John G. Lilly grew up in Hamilton County, Florida. He attended Tuskegee University on a football scholarship, where he earned a Bachelors’ degree, and Florida A&M University, earning a Master’s Degree; both degrees were in Agricultural Education. He taught Vocational Agriculture at Hamilton County High School and was the FFA Advisor, then joined the Alachua County Extension Office as Courtesy Agent in 1986. In 1988, he was the 4-H Coordinator in Jefferson County, initially with FAMU. In 2000, his position was transferred to UF/IFAS Extension with an Extension faculty appointment. In 2009 he became the Jefferson County Extension Director.
Lilly’s major programs are based on input from an effective advisory committee and input from local clientele: 1)Expand, Strengthen and Support School Activities and Community Clubs, 2) Expand Youth Knowledge through Camping and Environmental Education Activities.
He has enrolled more than 30% of age-eligible youth in Jefferson County in 4-H Clubs. Enrollment in nine 4-H community clubs; and in sewing, cooking, natural resource/activity, home school and school Clubs has increased 2%-3% each of the past several years. However, due to COVID, enrollment is down significantly. His 4-H programs are designed to serve all youths, even the non-traditional youths such as at-risk and handicapped. Participation of black and other minority youth is above the parity level for youth and considerably above the overall minority percentage within the County – 30%. In addition to the traditional 4-H work typical of most counties, Lilly, personally and through his 4-H program leadership, targets “at-risk” and special needs youth, integrates these particular youth with the general 4-H participants.
For the past eight years, Jefferson County 4-H had the largest overnight 4-H Summer Camp attendance in the state (111 in 2019). Since 2003, Jefferson County 4-H has received nearly $200,000.00 from local merchants and fundraisers to send youths to Summer Camps. In addition, one of the county commissioners has organized an annual 4-H fundraiser that nets between $10,000-$18,000 annually.
The Natural Resource / Environmental Education base of much of the County’s youth programming is broad and diverse. Respondents to the Florida Needs Assessment Survey indicated that educational programming addressing at-risk youth issues was a “high priority.” A non-aggressive activity like sport fishing and other environmental-focused educational programs may reduce youth risk factors – that help keep them out of trouble. A unique aspect of the 4-H camping program is the specific subject matter that addresses educational needs and interests at the county level. Jefferson County 4-H Camps utilize the resources of the natural surroundings for campers to attain life skills in interpersonal communications, group living, personality development and leadership. The camp setting provides a unique learning environment in which mental, physical, social, and spiritual growth is maximized.
John focuses on strong programs such as Fishing for Success, Project Learning Tree curriculum, Cherry Lake summer camping, Ecology Field Day, Arbor Day Celebration, the Leon/Jefferson Counties Wildlife Day Camp, and Shooting Sports are excellent teaching activities. This focus provides an opportunity to teach life skills and foster individual growth and development – the lifeblood of 4-H while instilling a sense of stewardship in our young citizens. These activities also lead to increased awareness and understanding of the environment and its impact on future quality of life. These programs have solid support from the Jefferson Soil and Water Conservation District, USDA NRCS staff, local Farm Bureau, County Forester, and Plantation owners. UF/IFAS and FAMU specialists participate and support many of these environmental-oriented programs.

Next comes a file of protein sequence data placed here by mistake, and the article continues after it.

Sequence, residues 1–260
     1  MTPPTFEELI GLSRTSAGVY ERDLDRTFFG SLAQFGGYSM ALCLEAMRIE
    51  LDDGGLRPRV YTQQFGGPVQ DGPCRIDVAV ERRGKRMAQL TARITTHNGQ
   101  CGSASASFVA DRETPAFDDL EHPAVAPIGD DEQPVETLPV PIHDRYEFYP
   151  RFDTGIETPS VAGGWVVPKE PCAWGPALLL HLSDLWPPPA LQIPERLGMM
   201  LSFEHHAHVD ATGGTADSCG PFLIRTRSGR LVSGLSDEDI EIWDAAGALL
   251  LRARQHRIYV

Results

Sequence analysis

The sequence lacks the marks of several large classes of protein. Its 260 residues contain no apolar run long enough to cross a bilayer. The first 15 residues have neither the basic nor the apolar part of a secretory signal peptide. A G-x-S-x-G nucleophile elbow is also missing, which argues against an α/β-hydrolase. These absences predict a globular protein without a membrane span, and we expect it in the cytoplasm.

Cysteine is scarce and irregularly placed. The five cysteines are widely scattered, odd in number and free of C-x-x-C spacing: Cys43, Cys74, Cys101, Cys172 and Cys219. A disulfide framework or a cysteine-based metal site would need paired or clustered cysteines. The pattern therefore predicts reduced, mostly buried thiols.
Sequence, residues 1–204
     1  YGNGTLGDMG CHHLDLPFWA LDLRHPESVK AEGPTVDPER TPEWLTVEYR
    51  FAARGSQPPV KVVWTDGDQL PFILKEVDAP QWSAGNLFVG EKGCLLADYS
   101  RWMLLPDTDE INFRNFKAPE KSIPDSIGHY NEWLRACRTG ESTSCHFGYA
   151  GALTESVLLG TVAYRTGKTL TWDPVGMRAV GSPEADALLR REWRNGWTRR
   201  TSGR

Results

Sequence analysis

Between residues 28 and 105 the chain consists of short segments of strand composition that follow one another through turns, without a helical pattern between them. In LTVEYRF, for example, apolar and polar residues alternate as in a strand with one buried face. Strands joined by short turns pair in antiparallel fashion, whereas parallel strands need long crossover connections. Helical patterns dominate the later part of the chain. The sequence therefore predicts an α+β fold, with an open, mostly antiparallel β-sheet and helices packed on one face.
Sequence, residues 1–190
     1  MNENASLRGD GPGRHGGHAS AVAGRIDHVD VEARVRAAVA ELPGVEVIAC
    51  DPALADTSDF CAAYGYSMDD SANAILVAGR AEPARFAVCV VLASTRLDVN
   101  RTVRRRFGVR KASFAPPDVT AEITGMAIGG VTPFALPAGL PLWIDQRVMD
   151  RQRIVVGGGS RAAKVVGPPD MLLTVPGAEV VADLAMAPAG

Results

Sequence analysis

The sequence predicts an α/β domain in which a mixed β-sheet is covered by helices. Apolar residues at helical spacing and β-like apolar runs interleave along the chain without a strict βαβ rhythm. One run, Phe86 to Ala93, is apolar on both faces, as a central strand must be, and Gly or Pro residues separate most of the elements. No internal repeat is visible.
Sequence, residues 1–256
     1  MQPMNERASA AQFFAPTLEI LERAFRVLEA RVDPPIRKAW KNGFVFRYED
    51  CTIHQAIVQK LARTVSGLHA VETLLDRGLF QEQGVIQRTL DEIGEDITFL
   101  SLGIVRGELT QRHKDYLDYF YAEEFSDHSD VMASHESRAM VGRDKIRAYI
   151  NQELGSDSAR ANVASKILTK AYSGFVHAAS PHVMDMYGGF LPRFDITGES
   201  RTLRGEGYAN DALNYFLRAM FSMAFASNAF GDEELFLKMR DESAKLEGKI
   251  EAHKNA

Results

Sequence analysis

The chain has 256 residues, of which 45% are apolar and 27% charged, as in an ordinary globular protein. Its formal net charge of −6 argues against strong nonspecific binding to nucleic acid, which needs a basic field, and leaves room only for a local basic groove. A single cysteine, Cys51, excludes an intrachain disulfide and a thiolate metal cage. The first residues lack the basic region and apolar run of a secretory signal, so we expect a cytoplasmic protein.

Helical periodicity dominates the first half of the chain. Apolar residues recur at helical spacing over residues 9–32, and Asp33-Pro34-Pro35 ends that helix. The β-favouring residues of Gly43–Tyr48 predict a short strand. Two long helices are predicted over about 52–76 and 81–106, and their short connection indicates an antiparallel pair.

John encourages all community clubs and county council members to participate in service projects. The 4-H Adopt-A-Road Project, the upkeep of the 4-H nature trail, the Arbor Day Event, the annual landscape project at Jefferson Senior Citizens Center, and the holiday nursing home visits with the teen council is intergenerational concern for seniors. Generosity was certainly exemplified after hurricane Michael destroyed Panama City. John recruited several teens from the teen council. They spent an entire Saturday moving and piling tree limbs, garbage, household debris, and miscellaneous items. These resilient teens worked around utility workers, fallen power lines, utility poles, and even worked through the rain. These teens have displayed practical application of Extension’s youth leadership to the Disaster Relief efforts. Significantly, youth show a touching generosity toward each other and a level of tolerance of differences, which is obviously the result of teaching by Lilly. He is conscientious in recognizing (often and in large measure) volunteerism by adults and the youth themselves.
John insists on making the environment inclusive of youth with psychosocial, physical, economic and behavioral distinctions that often bring about their exclusion from other organizations and groups. As a result, an unusually high percentage of enrolled intermediate-aged youth continues through high school, and most youths are enrolled in multiple activities, events, and clubs. This “positive recidivism” is a hallmark of his 4-H programs.
John Lilly is the kind of agent who each year sends hundreds of youth who outgrow age criteria for 4-H enrollment into the future, knowing that they have been loved. John strives to offer every youth of Jefferson County a 4-H experience that strengthens their sense of belonging, generosity, independence, and mastery.